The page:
People in Louisiana are renowned for food, from top restaurants to tailgate cooking. But no culinary magic is required for the most important meals we ever put on a plate: the ones we serve to others in need. Once again many people in Louisiana have been thrust into that position by Hurricane Laura.
What’s different this time is the those we so often see lead the way with immediate, grassroots disaster relief are themselves mired in a brutal crisis.
Our restaurant community is currently fighting for its own existence as the coronavirus crisis stretches into month six. The projections for the future of this cornerstone New Orleans business are somber at best, and grow worse as the crisis lengthens.
And yet, once again, some of the first to step up to help after Hurricane Laura come from hospitality.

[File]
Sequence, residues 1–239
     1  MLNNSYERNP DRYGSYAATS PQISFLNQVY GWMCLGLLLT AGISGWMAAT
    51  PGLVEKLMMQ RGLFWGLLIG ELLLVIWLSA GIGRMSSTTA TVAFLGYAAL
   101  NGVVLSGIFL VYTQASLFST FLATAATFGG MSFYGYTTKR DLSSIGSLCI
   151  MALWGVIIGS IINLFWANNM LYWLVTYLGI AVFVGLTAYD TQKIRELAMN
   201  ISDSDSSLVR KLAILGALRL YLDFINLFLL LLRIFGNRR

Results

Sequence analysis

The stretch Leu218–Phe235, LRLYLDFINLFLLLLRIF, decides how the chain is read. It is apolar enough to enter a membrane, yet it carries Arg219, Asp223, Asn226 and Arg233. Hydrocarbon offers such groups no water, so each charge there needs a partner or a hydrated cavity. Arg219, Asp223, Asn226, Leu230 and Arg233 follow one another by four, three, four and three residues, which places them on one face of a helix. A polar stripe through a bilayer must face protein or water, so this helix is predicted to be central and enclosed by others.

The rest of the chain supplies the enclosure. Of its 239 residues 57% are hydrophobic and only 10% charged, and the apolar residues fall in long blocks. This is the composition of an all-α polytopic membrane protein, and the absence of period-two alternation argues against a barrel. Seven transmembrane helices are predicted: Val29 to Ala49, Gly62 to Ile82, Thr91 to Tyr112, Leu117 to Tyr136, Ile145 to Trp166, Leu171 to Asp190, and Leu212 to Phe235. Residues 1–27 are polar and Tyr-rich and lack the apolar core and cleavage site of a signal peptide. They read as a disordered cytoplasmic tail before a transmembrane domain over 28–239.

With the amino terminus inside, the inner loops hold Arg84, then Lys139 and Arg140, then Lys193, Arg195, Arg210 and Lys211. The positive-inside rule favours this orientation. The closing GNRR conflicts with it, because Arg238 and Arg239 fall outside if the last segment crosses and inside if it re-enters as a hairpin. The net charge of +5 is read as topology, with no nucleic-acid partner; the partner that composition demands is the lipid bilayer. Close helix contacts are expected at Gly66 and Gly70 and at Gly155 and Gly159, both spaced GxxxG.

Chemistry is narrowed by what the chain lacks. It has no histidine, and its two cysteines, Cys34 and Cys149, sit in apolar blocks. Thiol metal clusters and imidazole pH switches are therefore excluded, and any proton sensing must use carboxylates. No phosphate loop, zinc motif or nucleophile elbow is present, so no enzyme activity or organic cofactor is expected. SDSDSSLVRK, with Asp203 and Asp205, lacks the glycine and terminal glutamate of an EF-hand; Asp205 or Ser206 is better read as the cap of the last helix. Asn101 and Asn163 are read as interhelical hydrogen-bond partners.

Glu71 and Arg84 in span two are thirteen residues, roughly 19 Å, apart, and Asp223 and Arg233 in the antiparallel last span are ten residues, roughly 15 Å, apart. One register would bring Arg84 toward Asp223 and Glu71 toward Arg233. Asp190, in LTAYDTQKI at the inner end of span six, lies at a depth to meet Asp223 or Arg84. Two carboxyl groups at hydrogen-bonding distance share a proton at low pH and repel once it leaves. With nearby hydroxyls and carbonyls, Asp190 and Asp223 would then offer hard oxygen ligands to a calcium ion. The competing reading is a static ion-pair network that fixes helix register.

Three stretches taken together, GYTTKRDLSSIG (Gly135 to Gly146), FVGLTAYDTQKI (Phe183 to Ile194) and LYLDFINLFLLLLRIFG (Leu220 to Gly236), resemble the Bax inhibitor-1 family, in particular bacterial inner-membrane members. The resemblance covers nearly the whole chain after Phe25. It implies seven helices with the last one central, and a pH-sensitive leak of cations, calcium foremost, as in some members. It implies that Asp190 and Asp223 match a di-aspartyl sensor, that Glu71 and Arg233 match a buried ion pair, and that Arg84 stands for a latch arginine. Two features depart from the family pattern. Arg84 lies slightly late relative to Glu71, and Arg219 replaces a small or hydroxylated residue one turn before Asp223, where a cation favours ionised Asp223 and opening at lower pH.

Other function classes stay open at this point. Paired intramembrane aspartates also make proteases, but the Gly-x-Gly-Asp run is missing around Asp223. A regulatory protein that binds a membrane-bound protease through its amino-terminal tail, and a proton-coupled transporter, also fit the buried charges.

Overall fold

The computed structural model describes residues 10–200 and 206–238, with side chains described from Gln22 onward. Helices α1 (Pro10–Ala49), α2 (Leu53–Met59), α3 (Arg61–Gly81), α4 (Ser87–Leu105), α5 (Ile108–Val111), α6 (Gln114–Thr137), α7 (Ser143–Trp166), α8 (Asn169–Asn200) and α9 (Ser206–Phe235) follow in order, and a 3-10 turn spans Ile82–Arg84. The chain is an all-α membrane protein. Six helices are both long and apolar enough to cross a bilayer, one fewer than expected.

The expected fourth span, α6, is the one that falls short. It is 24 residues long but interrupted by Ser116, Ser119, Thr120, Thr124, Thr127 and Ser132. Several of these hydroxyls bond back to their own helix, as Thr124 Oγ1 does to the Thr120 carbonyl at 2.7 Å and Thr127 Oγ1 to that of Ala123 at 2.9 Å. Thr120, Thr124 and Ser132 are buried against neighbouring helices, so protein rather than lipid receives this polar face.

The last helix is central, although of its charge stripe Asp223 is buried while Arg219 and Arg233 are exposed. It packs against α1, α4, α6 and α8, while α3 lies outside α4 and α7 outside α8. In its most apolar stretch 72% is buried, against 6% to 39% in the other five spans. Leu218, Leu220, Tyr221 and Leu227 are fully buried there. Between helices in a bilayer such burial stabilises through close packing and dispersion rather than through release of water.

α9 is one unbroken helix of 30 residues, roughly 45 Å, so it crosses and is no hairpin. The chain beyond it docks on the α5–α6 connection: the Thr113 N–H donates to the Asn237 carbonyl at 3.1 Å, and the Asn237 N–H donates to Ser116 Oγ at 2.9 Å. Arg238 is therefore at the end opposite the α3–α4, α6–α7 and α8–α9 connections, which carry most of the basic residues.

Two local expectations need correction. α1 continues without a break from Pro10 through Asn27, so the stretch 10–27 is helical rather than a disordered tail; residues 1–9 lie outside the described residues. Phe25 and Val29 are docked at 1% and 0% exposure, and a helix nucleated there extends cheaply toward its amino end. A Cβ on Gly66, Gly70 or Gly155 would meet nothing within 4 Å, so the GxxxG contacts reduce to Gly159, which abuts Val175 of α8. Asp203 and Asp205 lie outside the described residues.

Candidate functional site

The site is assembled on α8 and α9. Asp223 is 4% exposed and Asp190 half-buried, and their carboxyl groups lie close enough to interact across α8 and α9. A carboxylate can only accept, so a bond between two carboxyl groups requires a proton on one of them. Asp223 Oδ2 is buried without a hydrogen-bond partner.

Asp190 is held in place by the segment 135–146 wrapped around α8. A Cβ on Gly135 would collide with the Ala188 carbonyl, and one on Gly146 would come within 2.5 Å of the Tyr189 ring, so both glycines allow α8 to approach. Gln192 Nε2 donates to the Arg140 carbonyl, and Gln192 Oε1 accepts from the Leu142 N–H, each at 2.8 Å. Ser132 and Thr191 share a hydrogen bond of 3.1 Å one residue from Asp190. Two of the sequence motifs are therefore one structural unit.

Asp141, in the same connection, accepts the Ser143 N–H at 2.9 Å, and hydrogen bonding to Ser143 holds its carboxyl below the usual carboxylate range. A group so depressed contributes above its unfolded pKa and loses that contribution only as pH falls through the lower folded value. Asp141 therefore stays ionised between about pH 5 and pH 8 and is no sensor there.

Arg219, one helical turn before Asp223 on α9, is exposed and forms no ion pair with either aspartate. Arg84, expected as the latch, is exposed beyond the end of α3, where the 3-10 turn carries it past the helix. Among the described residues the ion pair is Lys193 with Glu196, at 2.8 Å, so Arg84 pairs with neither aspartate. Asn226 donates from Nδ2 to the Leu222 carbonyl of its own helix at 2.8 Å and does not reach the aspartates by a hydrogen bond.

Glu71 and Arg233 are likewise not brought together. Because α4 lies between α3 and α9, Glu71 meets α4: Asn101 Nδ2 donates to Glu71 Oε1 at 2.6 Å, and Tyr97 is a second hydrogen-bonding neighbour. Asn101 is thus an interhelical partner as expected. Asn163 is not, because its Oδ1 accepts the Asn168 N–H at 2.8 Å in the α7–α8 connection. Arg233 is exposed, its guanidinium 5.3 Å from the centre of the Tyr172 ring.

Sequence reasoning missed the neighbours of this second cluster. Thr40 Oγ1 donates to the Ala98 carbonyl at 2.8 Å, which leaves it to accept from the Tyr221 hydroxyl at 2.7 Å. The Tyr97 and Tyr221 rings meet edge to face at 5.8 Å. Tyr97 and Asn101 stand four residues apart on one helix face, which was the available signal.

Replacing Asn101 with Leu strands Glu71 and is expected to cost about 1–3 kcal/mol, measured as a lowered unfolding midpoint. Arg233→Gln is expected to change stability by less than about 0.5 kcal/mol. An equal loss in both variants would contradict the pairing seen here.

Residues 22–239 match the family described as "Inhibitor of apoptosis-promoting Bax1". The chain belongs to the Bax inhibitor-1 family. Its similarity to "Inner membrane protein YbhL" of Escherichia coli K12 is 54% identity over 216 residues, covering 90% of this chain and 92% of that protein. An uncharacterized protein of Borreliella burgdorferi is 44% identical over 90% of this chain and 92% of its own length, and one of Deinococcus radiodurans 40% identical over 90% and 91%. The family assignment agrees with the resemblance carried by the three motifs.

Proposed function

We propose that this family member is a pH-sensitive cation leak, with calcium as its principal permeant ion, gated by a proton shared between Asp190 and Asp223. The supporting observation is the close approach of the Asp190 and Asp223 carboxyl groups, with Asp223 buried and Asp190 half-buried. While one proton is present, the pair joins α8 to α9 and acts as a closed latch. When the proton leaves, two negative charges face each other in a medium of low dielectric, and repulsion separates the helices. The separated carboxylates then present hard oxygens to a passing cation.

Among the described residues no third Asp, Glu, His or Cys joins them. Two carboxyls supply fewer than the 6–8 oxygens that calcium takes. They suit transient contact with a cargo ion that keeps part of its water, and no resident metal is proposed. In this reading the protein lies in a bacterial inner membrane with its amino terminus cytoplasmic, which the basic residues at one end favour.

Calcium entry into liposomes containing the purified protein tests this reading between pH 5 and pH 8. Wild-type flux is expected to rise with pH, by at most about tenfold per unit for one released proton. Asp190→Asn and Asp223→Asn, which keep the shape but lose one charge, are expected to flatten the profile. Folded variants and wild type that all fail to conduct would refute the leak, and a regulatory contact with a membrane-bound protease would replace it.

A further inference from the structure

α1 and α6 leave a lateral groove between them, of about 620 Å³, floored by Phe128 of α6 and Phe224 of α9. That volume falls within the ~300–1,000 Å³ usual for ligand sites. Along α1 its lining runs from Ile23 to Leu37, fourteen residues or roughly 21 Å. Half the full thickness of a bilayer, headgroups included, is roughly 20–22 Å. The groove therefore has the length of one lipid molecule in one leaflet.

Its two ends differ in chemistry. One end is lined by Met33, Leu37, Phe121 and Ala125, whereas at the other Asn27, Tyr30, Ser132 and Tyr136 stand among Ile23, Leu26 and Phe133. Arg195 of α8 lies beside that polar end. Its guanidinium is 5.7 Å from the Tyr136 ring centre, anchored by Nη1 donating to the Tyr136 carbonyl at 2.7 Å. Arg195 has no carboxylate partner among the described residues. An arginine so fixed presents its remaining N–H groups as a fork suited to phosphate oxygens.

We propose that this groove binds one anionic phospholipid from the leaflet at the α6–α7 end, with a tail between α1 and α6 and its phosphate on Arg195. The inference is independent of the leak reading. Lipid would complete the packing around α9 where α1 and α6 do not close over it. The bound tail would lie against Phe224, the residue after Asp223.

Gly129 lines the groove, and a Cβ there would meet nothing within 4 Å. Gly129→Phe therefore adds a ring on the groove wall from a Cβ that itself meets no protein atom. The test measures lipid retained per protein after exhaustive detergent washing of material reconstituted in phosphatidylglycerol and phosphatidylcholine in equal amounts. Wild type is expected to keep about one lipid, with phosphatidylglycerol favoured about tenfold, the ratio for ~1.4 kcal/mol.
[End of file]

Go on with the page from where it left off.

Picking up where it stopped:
They bring a lot to the table, with skills, resources and, critically, networks and relationships all built around New Orleans food.
Now though, even restaurants that remain closed in the pandemic are nonetheless lighting the stoves to cook. People who have lost their jobs are volunteering to serve others who have lost much more.
They’re gathering supplies, hitting the road and making sure people pushed from their homes have something to eat, somewhere to start.
It’s not just restaurants. The connections built through food extend through families and friends, clubs and teams and neighborhoods.
We’ve seen it play out through the covid crisis, as people in their own crisis step up to help others.
The impulse remains strong, despite the pandemic and the ceaseless divisions, perhaps because New Orleans knows what it means to get help from others when the chips are down.
So, if you need one more measure of what New Orleans stands to lose as our restaurant community fights through the pandemic, take a look at what that community is doing for others right now.